The blogosphere made much ado earlier this month about the Associated Press’ (AP) decision to send legal notice to the Drudge Retort Web site over seven 39-to-79-word postings that the organization felt was an improper use of its content. For its part, the AP says it is conducting an ongoing dialogue with bloggers over responsible use of content.
However, newspapers, the AP’s traditional base, so to speak, are increasingly unhappy with the organization as well, according to a by Russell Adams in The Wall Street Journal.
Basically, the AP is adjusting its strategy for a changing media environment by shifting more content toward Web sites and cable TV. That isn’t sitting well with newspaper editors – the editor of the Pittsburgh Post-Gazette, for one, reportedly compared AP president and CEO Tom Curley to the Politburo’s secretary general – who generally pay high prices for AP content.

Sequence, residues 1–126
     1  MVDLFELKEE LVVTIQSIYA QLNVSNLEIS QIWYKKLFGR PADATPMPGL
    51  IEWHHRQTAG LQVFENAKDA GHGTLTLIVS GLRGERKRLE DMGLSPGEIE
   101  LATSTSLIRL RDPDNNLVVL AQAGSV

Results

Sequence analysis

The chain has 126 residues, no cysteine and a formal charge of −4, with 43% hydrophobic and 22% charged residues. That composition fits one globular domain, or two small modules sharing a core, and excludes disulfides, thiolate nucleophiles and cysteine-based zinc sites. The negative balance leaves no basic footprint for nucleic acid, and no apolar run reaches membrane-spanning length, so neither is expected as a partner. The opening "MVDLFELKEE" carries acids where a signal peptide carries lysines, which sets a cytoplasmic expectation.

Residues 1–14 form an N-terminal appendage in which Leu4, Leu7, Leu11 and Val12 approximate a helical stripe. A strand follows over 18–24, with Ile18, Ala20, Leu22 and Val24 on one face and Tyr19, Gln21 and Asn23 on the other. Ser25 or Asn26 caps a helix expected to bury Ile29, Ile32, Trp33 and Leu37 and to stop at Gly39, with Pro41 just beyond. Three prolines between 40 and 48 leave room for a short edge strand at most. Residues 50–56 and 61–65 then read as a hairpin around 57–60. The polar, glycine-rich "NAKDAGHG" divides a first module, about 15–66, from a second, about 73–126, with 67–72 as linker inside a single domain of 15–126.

In response, the eight largest newspapers in Ohio created a cooperative, the Ohio News Organization or OHNO, which editors in Texas, Pennsylvania, and Indiana have inquired about.
What’s your take on the future of the AP and content sharing among traditional news outlets?
Yes, lions roared
I was hoping to keep it a surprise for some time, but someone got a little overzealous (Thanks Richard!). PRWeek recently held a luncheon roundtable with four legends in this industry: Al Golin, Harold Burson, David Finn, and Daniel Edelman. The transcription, as well as an amazing photo shoot, will be featured in an upcoming, special issue of PRWeek. Our Web site will feature podcasts and videos from the event. We were honored to be in such rarefied company.